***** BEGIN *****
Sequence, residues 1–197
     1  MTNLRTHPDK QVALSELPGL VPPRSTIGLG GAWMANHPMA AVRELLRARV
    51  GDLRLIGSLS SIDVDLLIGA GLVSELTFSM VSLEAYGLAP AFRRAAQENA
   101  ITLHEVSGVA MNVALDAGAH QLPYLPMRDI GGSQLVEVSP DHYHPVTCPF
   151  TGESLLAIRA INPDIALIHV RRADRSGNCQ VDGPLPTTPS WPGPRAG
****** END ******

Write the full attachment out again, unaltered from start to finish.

Sequence, residues 1–197
     1  MTNLRTHPDK QVALSELPGL VPPRSTIGLG GAWMANHPMA AVRELLRARV
    51  GDLRLIGSLS SIDVDLLIGA GLVSELTFSM VSLEAYGLAP AFRRAAQENA
   101  ITLHEVSGVA MNVALDAGAH QLPYLPMRDI GGSQLVEVSP DHYHPVTCPF
   151  TGESLLAIRA INPDIALIHV RRADRSGNCQ VDGPLPTTPS WPGPRAG